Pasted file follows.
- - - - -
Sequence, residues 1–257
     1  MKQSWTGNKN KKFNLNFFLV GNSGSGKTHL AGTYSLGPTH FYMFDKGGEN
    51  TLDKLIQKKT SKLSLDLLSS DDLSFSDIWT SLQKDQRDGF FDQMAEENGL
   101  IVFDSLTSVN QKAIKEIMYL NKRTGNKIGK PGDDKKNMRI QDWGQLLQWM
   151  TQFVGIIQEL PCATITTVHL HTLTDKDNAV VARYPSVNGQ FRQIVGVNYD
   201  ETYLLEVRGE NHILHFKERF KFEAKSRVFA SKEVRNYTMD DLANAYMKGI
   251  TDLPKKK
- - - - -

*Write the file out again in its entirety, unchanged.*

Sequence, residues 1–257
     1  MKQSWTGNKN KKFNLNFFLV GNSGSGKTHL AGTYSLGPTH FYMFDKGGEN
    51  TLDKLIQKKT SKLSLDLLSS DDLSFSDIWT SLQKDQRDGF FDQMAEENGL
   101  IVFDSLTSVN QKAIKEIMYL NKRTGNKIGK PGDDKKNMRI QDWGQLLQWM
   151  TQFVGIIQEL PCATITTVHL HTLTDKDNAV VARYPSVNGQ FRQIVGVNYD
   201  ETYLLEVRGE NHILHFKERF KFEAKSRVFA SKEVRNYTMD DLANAYMKGI
   251  TDLPKKK